How Best to Use Audio/Subtitle Combinations in the Use of Films for Nonnative Learners of English

How Best to Use Audio/Subtitle Combinations in the Use of Films for Nonnative Learners of English

Buğra Zengin (Namık Kemal University, Turkey)
Copyright: © 2021 |Pages: 17
DOI: 10.4018/978-1-7998-7876-6.ch003
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Abstract

Use of movies and TV shows for foreign language learning purposes pervades informal settings where viewers enjoy the multiplicity of soundtracks and of subtitles. However, this is not an integral part of formal language education policies. Hoping to inform policy making processes, this study aimed to investigate the most efficient use of audio/subtitle combinations for specific purposes. As a result, reversed subtitling was found to be effective for vocabulary learning whereas, generally, bimodal subtitling was considered to benefit accent-related problems. The participants self-reported preferrence for non-subtitled version in case of listening comprehension in general, which was due to the subtitle effect in the case of students at lower levels. Considering that mostly interlingual subtitled content is the only version in most platforms, these findings make it necessary to prefer a platform presenting a variety of alternative combinations in terms of soundtrack and subtitles.
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Background

The study of Ashcroft, Garner and Hadingham (2018) suggests that as a resource for meaning-focused audio-visual input movie watching can lead to incidental vocabulary gains indicating the potential of movies to boost language learners’ vocabulary acquisition rates. Confirming the benefits of captions in their study, Başaran and Dilber (2013) recommend learners to study the captions of the English TV shows before watching them to aid their comprehension and enhance their motivation. They state that repeated studies of captions lower the learners’ affective filter. They also add that memory works most effectively with the stimulation of both auditory and visual registers. Vahdami and Azaraki (2015) share a similar view in terms of memory stating that L2 learners’ vocabulary comprehension is enhanced with simultaneous exposure to text, sound, and picture. They argue that even inexperienced language learners’ vocabulary is promoted with authentic English captioned videos.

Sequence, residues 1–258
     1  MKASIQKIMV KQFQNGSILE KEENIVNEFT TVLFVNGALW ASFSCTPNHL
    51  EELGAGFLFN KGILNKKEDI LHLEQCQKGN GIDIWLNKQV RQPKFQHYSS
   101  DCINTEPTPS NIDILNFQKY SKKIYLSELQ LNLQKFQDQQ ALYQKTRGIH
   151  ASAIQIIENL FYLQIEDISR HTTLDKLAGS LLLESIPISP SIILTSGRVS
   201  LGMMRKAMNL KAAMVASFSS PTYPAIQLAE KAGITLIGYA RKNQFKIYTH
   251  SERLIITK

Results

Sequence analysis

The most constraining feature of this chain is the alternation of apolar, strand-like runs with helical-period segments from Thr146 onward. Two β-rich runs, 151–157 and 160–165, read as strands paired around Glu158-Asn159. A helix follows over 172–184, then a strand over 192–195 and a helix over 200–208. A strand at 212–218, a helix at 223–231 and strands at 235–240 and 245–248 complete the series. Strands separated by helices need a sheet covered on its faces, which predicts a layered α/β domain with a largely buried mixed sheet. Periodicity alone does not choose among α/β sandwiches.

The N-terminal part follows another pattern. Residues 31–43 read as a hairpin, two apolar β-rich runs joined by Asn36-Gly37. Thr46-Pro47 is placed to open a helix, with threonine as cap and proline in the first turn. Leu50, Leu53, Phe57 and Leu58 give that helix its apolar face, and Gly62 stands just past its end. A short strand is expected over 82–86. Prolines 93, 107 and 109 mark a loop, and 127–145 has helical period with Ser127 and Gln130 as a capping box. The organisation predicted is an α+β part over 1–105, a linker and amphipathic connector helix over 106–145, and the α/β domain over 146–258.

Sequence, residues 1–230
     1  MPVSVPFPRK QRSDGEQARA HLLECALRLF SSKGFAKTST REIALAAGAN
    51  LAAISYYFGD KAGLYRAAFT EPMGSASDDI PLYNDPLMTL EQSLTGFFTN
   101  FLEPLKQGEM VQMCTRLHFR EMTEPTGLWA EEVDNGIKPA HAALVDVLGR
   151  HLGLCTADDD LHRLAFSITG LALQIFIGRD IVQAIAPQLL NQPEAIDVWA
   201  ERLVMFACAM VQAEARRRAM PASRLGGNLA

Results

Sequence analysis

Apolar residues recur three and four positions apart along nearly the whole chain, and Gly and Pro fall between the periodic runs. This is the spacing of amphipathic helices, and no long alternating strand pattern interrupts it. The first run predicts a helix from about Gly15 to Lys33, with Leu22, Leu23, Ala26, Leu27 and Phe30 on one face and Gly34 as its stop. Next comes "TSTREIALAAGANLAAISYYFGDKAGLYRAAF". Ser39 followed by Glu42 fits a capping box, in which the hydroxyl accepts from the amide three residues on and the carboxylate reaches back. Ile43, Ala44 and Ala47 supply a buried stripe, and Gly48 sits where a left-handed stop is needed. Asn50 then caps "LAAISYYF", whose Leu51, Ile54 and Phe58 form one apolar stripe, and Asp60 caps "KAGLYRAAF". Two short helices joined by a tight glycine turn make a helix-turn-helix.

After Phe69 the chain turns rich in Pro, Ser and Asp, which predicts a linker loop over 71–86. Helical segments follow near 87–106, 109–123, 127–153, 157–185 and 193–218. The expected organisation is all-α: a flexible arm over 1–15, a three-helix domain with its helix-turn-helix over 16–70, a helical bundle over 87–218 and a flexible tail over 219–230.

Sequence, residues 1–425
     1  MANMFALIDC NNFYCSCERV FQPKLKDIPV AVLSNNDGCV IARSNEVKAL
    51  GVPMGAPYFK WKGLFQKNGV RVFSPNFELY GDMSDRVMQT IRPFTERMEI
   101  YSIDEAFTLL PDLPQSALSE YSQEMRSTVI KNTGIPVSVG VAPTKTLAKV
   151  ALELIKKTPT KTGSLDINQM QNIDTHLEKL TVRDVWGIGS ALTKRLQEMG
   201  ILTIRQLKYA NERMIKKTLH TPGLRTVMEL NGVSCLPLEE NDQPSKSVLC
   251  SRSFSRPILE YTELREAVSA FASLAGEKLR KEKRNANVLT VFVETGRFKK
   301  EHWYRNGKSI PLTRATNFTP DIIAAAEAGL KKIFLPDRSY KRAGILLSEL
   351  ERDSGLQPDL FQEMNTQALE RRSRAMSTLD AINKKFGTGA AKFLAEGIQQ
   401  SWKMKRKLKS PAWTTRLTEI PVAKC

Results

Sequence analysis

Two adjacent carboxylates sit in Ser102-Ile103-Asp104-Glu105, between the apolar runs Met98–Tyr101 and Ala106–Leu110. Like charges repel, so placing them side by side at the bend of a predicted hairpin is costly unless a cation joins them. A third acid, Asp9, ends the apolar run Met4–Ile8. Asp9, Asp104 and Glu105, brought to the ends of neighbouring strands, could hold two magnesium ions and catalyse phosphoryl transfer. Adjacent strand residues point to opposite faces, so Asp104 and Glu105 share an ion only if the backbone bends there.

Danan (2004) believes that whether it is captioning or interlingual subtitling, listening comprehension skills are improved. Language learning is facilitated with captioning in that it aids the learners’ zvisualization of what they hear especially considering the kind of input that is beyond their linguistic ability. In subtitling, the increase in language comprehension is reached with the cognitive benefit of deeper processing. However, Danan (2004) stresses the learners’ need for development through training of active viewing strategies to use captioned and subtitled material efficiently.

Key Terms in this Chapter

Interlingual/Standard Subtitling: The kind of subtitling in which the soundtrack/audio language and the subtitle language are different. For instance, the soundtrack language is English and the subtitle language is Turkish for viewers whose native or first language (L1) is Turkish.

Intralingual/Bimodal Subtitling: The kind of subtitling in which both soundtrack and the subtitle are the same language (in this case subtitles are captions).

Reversed Subtitling: The kind of subtitling in which the soundtrack/audio language and the subtitle language are different, but in this case the former is the L1 and the latter is L2. For instance, the soundtrack language is Turkish and the subtitle language is English for viewers whose L1 is Turkish.

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